The 2020 NASCAR All-Star Race has a new twist added to the cars in the field this year: underglow lighting. The quirk will be paired with a new number placement as the sport experiments with a new look for its race cars.
NASCAR by the Numbers
Straight Cup starts by Jimmie Johnson before missing the Cup race at Indianapolis last Sunday.
Laps led at Indy by Denny Hamlin, including 19 on Sunday before blowing a tire. He's now 0-for-15 for his career, one of the few major NASCAR events he hasn't won.
Playing the Odds (Fantasy Spin)
Kyle Busch has been a popular pick of mine in recent weeks. At some point, I just feel like the 2019 Cup Series champ has to jumpstart his season, right? Kentucky offers a prime opportunity as a racetrack where Busch has never finished lower than 12th. There are also the 621 laps led and a career average finish of 4.7 at this place. Sure, Busch will be expensive. But he's worth the money.
Don't sleep on Brad Keselowski, a driver whose Kentucky history comes with a weird quirk. Here are his finishes in even-numbered years: 1st, 1st, 1st and 3rd. I'd expect 2020 will keep the pattern going after a disappointing 20th-place result here last season.
We talked about how Jimmie Johnson needs a good performance. A slump of poor performances at Kentucky (four straight runs outside the top 15) will make him cheaper for Sunday's race. Take the chance and don't bet against a seven-time champion in his final full-time season. It's one of the few tracks on the circuit Johnson hasn't won at and he comes in ready and eager to knock it off his bucket list.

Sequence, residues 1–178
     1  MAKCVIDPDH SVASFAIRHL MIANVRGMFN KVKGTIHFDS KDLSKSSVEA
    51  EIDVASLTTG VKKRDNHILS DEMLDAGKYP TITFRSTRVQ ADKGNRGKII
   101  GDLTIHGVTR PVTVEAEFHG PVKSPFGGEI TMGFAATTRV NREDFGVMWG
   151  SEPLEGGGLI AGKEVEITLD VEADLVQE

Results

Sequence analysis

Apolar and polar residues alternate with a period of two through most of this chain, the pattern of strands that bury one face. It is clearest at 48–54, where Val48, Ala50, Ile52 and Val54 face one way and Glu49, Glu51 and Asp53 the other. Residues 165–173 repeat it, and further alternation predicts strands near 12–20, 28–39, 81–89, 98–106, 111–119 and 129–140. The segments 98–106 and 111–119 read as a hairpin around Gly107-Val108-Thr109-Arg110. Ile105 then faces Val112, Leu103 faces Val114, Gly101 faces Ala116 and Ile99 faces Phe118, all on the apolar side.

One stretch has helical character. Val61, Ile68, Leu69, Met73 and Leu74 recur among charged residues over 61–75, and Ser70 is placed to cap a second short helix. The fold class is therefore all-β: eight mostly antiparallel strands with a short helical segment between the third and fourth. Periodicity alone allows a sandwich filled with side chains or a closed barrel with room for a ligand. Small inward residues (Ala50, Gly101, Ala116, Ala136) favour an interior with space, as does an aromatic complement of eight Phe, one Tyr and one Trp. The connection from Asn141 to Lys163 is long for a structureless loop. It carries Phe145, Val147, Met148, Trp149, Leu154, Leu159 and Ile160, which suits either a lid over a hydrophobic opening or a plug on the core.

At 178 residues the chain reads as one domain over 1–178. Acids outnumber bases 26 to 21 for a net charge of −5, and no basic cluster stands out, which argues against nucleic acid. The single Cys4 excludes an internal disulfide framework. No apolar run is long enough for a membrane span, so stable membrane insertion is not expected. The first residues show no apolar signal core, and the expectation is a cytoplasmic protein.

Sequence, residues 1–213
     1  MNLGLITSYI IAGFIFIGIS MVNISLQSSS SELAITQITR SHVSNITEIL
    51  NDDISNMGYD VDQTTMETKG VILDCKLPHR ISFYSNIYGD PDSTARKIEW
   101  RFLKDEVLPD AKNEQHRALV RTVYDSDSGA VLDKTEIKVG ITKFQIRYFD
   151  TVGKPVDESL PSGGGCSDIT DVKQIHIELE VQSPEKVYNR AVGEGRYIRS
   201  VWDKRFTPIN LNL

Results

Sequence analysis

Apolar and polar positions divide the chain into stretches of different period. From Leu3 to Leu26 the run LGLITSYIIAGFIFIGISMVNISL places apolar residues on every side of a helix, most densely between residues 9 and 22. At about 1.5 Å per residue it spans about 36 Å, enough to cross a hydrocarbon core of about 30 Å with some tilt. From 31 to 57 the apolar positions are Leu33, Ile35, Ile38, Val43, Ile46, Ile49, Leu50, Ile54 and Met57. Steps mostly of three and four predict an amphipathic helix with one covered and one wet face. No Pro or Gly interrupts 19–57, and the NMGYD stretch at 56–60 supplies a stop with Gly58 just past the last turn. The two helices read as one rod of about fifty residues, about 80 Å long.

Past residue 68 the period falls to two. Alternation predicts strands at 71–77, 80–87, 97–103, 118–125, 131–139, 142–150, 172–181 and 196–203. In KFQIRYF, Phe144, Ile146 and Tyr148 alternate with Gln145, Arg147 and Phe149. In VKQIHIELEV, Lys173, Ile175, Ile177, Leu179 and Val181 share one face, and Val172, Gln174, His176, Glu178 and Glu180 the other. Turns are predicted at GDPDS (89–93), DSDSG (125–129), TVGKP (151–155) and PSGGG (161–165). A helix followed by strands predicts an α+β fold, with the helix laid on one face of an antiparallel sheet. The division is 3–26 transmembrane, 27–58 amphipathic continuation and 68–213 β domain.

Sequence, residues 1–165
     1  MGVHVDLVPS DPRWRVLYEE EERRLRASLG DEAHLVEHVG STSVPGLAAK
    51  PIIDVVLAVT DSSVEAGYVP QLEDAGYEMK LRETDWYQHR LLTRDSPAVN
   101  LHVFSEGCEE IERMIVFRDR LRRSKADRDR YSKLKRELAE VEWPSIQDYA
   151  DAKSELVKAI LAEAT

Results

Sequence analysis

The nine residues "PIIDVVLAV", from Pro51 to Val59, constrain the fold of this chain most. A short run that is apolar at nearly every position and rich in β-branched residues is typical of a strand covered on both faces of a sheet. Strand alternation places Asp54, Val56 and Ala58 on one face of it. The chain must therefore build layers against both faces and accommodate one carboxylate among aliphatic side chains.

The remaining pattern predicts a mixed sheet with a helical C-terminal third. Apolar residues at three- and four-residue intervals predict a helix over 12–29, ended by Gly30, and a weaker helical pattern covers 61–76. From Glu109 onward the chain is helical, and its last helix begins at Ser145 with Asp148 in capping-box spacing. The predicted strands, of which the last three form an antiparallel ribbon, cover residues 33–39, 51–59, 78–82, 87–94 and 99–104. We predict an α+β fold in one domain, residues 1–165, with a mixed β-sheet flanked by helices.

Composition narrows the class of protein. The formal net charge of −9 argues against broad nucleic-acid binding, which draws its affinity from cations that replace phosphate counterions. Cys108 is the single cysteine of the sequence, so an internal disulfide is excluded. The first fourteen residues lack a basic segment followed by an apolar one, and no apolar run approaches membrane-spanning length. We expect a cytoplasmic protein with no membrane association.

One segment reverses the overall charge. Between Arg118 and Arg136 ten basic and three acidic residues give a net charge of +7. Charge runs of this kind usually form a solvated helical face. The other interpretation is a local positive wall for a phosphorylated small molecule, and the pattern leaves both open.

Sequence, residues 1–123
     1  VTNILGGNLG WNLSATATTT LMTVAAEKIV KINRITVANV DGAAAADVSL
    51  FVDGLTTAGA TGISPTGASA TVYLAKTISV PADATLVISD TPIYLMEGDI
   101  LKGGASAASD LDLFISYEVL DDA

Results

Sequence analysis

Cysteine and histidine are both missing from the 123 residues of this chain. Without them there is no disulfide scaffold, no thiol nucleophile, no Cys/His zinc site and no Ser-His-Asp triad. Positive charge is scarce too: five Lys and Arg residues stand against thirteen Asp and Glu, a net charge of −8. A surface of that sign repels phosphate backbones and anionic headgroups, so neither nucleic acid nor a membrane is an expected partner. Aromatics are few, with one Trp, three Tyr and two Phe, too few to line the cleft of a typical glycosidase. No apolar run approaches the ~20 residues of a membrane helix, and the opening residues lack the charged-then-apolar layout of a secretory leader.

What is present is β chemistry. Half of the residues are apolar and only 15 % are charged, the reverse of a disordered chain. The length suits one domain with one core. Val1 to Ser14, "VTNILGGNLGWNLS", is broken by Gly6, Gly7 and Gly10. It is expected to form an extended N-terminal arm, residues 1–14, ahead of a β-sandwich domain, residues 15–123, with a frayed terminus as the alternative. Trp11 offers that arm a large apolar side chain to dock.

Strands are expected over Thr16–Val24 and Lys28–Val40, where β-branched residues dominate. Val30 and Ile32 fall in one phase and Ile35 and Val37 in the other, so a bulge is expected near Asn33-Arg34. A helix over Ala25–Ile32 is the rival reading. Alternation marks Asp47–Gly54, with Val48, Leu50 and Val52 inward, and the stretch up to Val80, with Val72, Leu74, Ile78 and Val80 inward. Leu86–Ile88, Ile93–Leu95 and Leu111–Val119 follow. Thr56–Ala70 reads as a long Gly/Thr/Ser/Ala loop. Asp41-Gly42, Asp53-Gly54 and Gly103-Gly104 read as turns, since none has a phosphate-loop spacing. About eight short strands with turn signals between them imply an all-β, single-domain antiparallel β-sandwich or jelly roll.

Kurt Busch is the defending winner at this track after a thrilling OT victory last season over brother Kyle. He did it with a No. 1 team that also ran well here historically with previous driver Jamie McMurray. Add in Matt Kenseth's recent surge and it feels like it's a good time to play the hot hand at Chip Ganassi Racing.
Rookie Christopher Bell signed a new sponsor this week in Germania Insurance. Kentucky's the perfect place to keep the momentum going despite his first Cup race at the 1.5-mile track. Four top-5 finishes in five starts in NASCAR's Xfinity and Truck series make him a good bet to sustain that success.
Not to be outdone, fellow rookie Cole Custer earned his first career top-5 finish in Cup this past weekend at Indianapolis. It's perfect timing heading to a track where he's the defending Xfinity Series race winner.
What Vegas Thinks
Denny Hamlin, Kevin Harvick and Kyle Busch are tied with 6/1 odds to win the Kentucky event. Brad Keselowski and Martin Truex Jr. are right behind at 7/1, according to oddsmaker vegasinsider.com.
Ryan Newman would be one heck of a longshot; the payout is sitting at 100/1.
What I Think
I'm going to go with Brad Keselowski to take the victory, his fourth in the Bluegrass State. Now watch; the one time I go against Kyle Busch is when he finally gets his season back on track.
— Written by Tom Bowles, who is part of the Athlon Contributor Network and the Majority Owner of NASCAR Web site Frontstretch.com. He can be reached at firstname.lastname@example.org or on Twitter @NASCARBowles.
(Top photo courtesy of ASP, Inc.)